Overture - The Who band
Summertime Blues - Joan Jett
I Can't Explain - Joan Jett
Substitute - Willie Nile
The Kids Are Alright - Willie Nile
The Seeker - Roger Daltrey
Young Man Blues - Roger Daltrey
Bill Curbishley speech
The Real Me - Billy Idol
Who Are You - Billy Idol
Bruce Springsteen speech
Pete Townshend speech
My Generation - Pete Townshend, Bruce Springsteen, Roger Daltrey
I'm One - Pete Townshend
Eminence Front - Pete Townshend (2 false starts)
Won't Get Fooled Again - All
I Can't Explain
Substitute, The Kids Are Alright, The Seeker, Young Man Blues, The Real Me, Who Are You
Bruce Springsteen speech, Pete Townshend speech, My Generation, I'm One, EF false start, Won't Get Fooled Again
Bruce Springsteen speech
Pete Townshend speech
Won't Get Fooled Again
Wont Get Fooled Again
Red carpet clips
Artisan News Service (red carpet interviews)
Review by Joel Naftelberg
MusiCares May 28th 2015 Best Buy Theater New York City
“I would not be wind milling a Fender Telecaster if it weren’t for Pete Townshend.” Said Bruce Springsteen, from the stage of New York City’s Best Buy Theater, at MusiCares’ 11th annual MAP Fund Benefit Concert, where he was presenting Pete Townshend with the Stevie Ray Vaughan Award for his commitment to helping other musicians with addiction. Apparently Bruce was not the only teenager that played air guitar in his bed room or basement while listening to Townshend and The Who. With my 13 year old son and my wife at my side, seeing Bruce on stage from 15 feet away at this intimate venue setting was an experience to behold.
The Who‘s manager, Bill Curbishley, was also honored with the From the Heart Award for his work with MusiCares, which offers programs and services to members of the music community including emergency financial assistance for basic living expenses and medical expenses. Bill spoke from the heart about his gratitude for having not taken a drink for 30 years. About the personal losses he had experienced directly from the clutches of addiction. He spoke of his personal transformation, of the magic of The Who family and from that being able to help support those in need by sharing his good fortune and the good fortunes of The Who.
Springsteen was one of many artists there to pay tribute to Curbishley and Townshend. Joan Jett (who with her band has been opening for The Who on the 2015 The Who Hits 50 Tour), Billy Idol, Willie Nile and Roger Daltrey all performed, accompanied by The Who’s touring band (John Corey on piano, Loren Gold on keyboards, Pino Palladino on bass, Frank Simes on keyboards, Zak Starkey on drums, and Pete’s brother Simon Townshend on guitars).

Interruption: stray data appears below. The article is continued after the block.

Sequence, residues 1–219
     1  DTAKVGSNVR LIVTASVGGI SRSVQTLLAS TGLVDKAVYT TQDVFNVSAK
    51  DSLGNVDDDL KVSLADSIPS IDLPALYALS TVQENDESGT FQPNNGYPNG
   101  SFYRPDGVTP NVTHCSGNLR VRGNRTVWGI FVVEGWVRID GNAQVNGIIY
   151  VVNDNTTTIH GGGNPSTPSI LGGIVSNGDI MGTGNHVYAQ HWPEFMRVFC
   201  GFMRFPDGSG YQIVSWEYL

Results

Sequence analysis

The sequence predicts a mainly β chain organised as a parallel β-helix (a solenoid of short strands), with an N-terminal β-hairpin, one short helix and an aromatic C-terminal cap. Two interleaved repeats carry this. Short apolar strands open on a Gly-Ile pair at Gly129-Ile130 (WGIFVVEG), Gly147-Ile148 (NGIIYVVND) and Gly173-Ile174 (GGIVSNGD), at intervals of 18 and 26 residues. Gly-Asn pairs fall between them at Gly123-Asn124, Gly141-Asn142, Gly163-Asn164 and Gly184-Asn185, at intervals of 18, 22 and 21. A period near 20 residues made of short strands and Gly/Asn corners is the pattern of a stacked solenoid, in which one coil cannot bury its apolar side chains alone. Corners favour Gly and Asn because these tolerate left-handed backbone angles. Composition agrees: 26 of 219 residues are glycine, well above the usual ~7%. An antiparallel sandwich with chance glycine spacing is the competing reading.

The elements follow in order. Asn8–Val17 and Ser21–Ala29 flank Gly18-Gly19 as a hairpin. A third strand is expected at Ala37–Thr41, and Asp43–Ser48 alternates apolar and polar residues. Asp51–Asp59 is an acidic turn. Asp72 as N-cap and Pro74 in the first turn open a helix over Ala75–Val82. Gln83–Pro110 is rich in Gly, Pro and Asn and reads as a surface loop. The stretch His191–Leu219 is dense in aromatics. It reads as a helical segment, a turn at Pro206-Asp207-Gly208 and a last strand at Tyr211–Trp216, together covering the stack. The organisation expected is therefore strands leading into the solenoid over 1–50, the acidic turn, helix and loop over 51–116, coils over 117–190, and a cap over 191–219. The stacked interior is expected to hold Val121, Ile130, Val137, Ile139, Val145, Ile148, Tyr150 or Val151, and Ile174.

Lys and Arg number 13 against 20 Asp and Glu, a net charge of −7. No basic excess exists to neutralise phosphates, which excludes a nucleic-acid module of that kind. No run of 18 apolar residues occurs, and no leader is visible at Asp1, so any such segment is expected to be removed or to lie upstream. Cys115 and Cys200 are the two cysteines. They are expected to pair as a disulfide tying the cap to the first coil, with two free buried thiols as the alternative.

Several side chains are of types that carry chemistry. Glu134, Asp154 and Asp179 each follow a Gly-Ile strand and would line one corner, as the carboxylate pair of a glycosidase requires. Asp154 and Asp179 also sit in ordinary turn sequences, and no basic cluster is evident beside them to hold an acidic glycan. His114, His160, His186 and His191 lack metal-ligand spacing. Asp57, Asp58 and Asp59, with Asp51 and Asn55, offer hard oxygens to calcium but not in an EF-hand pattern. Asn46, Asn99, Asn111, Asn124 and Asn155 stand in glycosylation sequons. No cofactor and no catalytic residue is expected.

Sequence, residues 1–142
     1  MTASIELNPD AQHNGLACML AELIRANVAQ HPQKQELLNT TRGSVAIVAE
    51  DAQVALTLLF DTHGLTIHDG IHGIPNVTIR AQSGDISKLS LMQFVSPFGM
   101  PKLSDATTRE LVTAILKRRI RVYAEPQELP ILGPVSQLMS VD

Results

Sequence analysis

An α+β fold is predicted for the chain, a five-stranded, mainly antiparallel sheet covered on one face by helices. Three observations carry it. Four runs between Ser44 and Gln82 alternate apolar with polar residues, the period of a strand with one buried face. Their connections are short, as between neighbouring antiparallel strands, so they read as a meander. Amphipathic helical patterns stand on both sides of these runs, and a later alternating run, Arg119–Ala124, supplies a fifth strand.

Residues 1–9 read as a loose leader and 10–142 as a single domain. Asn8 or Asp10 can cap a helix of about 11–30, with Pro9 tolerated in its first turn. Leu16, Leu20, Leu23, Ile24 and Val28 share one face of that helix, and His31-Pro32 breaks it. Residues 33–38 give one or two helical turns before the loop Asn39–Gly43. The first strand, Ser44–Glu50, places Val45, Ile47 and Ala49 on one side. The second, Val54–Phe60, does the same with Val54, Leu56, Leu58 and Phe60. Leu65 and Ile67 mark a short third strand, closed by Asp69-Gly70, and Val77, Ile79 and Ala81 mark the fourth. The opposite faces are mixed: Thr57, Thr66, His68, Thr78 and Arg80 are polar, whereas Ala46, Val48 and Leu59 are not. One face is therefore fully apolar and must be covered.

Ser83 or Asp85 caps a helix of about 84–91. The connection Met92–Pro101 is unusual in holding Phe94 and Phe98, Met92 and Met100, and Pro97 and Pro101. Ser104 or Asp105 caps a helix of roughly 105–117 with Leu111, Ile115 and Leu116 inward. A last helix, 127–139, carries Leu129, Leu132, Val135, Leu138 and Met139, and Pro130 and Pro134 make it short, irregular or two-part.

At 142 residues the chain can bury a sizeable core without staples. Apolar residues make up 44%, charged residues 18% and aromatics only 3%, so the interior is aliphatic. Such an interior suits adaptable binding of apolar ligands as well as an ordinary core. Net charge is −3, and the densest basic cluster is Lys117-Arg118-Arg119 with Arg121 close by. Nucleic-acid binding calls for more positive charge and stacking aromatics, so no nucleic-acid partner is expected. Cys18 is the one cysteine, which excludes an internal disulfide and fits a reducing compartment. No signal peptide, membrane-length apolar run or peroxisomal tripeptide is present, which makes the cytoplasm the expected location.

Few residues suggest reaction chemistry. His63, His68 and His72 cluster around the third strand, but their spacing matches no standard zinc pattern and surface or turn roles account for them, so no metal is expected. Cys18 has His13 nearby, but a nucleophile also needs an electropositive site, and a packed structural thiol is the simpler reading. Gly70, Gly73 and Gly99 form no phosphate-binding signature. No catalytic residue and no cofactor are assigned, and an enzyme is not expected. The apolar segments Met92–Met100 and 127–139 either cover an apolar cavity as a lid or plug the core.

The night was an acknowledgement of pain and loss but more than that, it was a celebration of service, sharing and creativity. It also seemed to be about grace, miracles and the power of healing.
There were lots of classics from The Who’s songbook performed. Here’s the setlist.
The Who’s backing band – “Overture” (from Tommy)
Joan Jett – “Summertime Blues” and “I Can’t Explain” Joan is fantastic, but this evening she seemed to lack the enthusiasm and confidence she has shown with her own band as a tour opener for The Who. In that role she’s been sensational. The crowd needed to adjust to the mode of tribute.
Willie Nile – “Substitute” and “The Kids Are All Right” – Willie ripped through his numbers in great style and with Joan having warmed up the audience of around 1600 well-heeled guests, we were pleasantly surprised by what seemed his natural fluency with The Who’s music.
Roger Daltrey – “The Seeker” and “Young Man Blues” - What a great surprise! It was my understanding that Roger would not be here this evening. I was so turned on by his presence. “The Seeker” has been a standard on the Hits 50 Tour and Roger was in really good form. “Young Man Blues” – blew me away – I was thrilled to see it played and Roger was again in great form and seemed so pleased to be a part of the proceedings.
At the end of his performance Roger spoke of his friend Pete: “He’s written some of the most important rock music of the 20th century. He writes from a place from within the human spirit. Not many people dare to go there. He opens up wounds, he opens himself up, completely naked, in his songs and that is why they mean as much today as they did when he wrote them all those years ago.”